NEW DELHI: The Monsoon Session of Parliament may not be the only collateral damage that the NDA Government, currently on the back foot over the Lalit Modi scandal, may face. The Goods and Services Tax Bill — or the enabling 122nd constitutional amendment requiring two-thirds majority in both the Houses — would not be supported by the Congress unless its five demands are met.
Sensing the palpable turmoil in the BJP, the Congress has indicated a toughening of stand that suits it politically. Despite the birthday wish from Prime Minister Narendra Modi and the “thank you” tweet in reply from Rahul Gandhi, there is no let up on the GST issue.
The Congress vice president, it appears, is adamant about not making it easy for the NDA Government to take credit for the passage of the massive tax reform that would virtually unite the country’s economy for the first time since Independence.
Young Congress leaders are “goading the party to do to the NDA what the BJP, as an Opposition, did to the UPA by stalling the GST bill for eight years”.
Of the clauses on which the Congress is opposing the GST Bill, now before a select panel of the Rajya Sabha, the most crucial is the one per cent surcharge or the destination clause. According to the Congress, particularly former Finance Minister P Chidambaram, the surcharge would defeat the purpose of GST. The Congress position is that one per cent surcharge on interstate sales of goods is a new distortion that “will defeat the purpose of GST”.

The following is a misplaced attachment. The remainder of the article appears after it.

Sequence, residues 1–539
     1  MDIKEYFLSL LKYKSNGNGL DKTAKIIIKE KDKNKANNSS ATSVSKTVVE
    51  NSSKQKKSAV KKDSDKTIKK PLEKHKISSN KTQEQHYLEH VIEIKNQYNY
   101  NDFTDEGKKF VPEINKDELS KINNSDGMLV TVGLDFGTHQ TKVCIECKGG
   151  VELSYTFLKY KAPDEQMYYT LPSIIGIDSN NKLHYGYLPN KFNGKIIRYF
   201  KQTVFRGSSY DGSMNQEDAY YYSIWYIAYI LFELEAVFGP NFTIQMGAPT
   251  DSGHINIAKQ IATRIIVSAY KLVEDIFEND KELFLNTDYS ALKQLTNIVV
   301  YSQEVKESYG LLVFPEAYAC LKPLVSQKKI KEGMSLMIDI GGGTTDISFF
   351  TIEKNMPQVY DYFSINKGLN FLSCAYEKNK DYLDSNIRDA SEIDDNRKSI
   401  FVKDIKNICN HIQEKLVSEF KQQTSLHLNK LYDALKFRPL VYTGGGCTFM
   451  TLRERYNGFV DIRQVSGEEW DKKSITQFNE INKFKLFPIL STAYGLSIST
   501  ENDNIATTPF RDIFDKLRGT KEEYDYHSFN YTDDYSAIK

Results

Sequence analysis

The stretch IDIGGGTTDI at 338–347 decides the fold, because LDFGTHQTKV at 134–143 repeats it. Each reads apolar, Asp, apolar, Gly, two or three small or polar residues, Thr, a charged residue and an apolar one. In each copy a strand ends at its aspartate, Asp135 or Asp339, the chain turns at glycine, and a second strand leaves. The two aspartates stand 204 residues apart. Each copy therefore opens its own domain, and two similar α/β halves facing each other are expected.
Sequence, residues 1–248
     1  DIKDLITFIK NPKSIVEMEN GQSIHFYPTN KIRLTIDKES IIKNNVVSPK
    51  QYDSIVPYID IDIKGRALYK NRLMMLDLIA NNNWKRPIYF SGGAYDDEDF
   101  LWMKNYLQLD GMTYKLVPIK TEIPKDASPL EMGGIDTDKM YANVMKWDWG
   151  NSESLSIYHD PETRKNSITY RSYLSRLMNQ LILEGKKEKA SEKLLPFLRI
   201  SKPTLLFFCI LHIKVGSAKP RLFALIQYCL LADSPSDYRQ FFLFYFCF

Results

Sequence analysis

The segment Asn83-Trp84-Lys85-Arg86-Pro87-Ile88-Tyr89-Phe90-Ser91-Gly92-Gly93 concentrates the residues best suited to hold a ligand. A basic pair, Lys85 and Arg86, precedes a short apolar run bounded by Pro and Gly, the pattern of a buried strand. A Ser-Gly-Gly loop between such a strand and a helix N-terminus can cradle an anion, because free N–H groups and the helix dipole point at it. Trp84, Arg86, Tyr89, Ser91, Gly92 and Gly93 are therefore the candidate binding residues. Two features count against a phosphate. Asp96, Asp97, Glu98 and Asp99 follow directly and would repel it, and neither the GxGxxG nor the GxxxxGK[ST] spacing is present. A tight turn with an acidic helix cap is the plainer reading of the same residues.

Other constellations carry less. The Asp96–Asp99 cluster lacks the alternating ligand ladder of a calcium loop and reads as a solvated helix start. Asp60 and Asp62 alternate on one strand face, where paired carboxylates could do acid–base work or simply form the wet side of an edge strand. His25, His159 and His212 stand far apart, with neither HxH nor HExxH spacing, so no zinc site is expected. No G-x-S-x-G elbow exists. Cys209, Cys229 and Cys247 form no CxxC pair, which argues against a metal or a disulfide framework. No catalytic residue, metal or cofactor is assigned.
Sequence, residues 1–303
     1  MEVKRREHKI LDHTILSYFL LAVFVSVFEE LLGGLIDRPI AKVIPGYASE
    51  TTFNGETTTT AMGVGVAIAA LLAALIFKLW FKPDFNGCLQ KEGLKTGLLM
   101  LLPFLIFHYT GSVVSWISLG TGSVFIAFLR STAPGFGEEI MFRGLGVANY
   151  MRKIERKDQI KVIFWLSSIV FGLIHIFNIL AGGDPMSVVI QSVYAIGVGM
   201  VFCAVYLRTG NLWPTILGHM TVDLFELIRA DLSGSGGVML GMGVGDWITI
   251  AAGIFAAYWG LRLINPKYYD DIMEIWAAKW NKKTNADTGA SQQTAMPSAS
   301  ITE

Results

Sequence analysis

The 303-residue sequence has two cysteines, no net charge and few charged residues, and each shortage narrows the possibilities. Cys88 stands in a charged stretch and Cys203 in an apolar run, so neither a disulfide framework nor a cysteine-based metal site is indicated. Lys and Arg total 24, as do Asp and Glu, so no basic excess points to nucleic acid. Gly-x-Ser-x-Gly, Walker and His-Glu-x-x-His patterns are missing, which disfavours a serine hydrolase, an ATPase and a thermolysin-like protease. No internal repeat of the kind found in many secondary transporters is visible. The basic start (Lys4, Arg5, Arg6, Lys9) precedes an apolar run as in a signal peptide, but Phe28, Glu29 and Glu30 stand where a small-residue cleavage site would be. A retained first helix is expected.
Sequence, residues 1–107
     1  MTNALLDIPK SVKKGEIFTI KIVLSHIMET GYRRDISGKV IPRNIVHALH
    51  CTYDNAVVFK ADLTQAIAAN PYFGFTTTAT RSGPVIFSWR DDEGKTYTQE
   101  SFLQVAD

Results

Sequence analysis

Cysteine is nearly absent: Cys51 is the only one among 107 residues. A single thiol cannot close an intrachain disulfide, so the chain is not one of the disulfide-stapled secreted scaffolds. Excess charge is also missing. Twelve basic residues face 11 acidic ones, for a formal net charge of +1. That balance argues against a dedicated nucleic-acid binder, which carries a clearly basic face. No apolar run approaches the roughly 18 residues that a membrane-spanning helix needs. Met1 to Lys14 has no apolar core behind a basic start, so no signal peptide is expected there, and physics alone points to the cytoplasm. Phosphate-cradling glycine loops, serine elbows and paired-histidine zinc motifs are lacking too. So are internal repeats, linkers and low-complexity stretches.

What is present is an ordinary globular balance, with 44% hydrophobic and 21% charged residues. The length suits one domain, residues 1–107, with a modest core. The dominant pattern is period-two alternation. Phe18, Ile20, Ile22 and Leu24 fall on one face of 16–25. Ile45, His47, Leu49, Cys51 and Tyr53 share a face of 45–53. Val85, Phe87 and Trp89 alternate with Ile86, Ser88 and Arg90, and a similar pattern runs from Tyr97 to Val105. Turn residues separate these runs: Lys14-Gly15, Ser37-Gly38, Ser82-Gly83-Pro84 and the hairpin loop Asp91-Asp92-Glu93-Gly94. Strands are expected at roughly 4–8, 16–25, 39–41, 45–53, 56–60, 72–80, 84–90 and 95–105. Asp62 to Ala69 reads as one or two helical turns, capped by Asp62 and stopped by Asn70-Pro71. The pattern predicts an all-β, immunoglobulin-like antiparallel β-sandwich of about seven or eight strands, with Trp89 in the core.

The provision has been introduced at the behest of some manufacturing states such as Gujarat and Maharashtra, now ruled by the BJP, since the GST tends to favour consuming states more than the manufacturing states.
Next, the Congress wants the ceiling of GST to be reduced to 18 per cent from 26 per cent. This again is a Chidambaram formulation, going by which the Congress says, the “common man cannot be burdened with such heavy taxation”.
Also the plan to keep alcohol, petroleum products, electricity duty and tobacco outside the GST ambit in the initial years has been deemed “retrogressive” by the Congress.
Instead of subsuming the multiple level of central and state taxes, attempts are being made to retain the structure.
The Congress also wants clarification on dispute resolution mechanism, between the states and between the Centre and states.
The current proposal of voting, according to the party sources, could not be used to address taxation disputes of the states.